Global warming behind mild Irish winter, says Met Éireann

 

An exceptionally mild winter is proof that global warming is already affecting the weather in Ireland, Met Éireann has said.

Figures for December, January and February reveal that temperatures were up to 1.6 degrees above normal, making it the warmest winter this decade.

Some inland weather stations had only half the average number of frost days. There was a total of 16 and 21 air frosts at inland stations compared to a range of between 25 and 30 air frosts in these areas during an average winter. Rosslare, which experienced its mildest winter for 18 years, had no frost at all.

Forecaster Gerry Murphy said: "The overall trend has been since 1990 that the winters have got milder and there is nothing we can put it down to other than global warming.

"There is no evidence to suggest any other reason for it.

"Since around 1990, there has been an overall trend of milder winters. The significant aspect of warming that has occurred in Ireland has not been really massively warmer summers - although the summers have been quite warm - it's been the minimum temperatures during the winter have not been as low as previous winters.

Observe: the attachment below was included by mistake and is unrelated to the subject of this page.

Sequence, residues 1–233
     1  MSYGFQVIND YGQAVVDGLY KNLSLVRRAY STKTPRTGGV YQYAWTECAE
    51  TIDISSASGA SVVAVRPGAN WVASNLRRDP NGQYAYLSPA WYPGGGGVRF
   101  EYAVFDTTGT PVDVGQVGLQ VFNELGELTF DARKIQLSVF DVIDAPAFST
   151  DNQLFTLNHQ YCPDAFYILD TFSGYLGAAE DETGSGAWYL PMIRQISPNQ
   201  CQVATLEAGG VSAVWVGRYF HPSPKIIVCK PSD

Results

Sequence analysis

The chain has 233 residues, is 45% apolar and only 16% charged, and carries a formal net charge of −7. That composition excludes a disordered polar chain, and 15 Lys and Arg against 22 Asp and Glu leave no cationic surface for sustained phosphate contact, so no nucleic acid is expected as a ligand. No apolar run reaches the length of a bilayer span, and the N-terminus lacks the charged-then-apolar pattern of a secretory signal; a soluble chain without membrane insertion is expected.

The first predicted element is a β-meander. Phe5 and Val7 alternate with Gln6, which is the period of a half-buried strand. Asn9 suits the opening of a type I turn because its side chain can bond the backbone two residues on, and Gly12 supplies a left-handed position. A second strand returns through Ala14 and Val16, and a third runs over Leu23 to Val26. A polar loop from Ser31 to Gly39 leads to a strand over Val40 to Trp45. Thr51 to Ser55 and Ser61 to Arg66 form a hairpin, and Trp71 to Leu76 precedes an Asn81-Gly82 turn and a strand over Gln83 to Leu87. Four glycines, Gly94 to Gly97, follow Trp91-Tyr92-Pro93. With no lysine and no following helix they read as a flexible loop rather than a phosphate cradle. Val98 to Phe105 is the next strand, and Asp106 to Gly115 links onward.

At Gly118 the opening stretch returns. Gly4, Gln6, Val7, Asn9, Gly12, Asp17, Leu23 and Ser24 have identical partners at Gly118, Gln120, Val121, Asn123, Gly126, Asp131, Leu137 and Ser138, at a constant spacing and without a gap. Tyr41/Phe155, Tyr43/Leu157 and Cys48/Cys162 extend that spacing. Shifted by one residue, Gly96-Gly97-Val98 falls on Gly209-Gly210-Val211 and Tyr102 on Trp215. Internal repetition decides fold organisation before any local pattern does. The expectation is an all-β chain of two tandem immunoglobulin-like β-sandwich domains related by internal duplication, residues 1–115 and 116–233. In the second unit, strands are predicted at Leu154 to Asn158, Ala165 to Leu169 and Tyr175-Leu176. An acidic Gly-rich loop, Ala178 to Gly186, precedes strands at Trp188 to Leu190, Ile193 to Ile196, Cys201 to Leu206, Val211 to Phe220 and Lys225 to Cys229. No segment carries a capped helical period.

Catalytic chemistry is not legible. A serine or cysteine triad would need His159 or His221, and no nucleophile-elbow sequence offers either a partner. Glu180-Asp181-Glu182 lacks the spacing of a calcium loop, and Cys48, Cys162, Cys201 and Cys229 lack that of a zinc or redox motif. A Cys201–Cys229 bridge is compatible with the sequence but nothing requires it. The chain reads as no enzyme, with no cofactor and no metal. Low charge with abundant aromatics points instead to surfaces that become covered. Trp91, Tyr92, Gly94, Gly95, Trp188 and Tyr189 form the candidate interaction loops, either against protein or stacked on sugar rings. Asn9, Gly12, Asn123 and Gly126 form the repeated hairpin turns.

"If you look back to when you were younger, you would see ice in puddles. You very rarely if ever see that now," he said.

The winter also saw exceptional rainfall with Dublin experiencing the wettest winter since 1995.

Wind speeds were also above normal, reflecting a particularly stormy period in December and January.

A recent report by the Environmental Protection Agency forecast that Ireland could expect milder and wetter winters over the next 50 years because of global warming with more extreme weather events.

The mild winter follows on from 2006 which was the warmest year for a decade in Ireland and the warmest since records began at several locations in the country.

The World Meterological Organisation estimates that the global temperatures has increased by almost half a degree since 1990.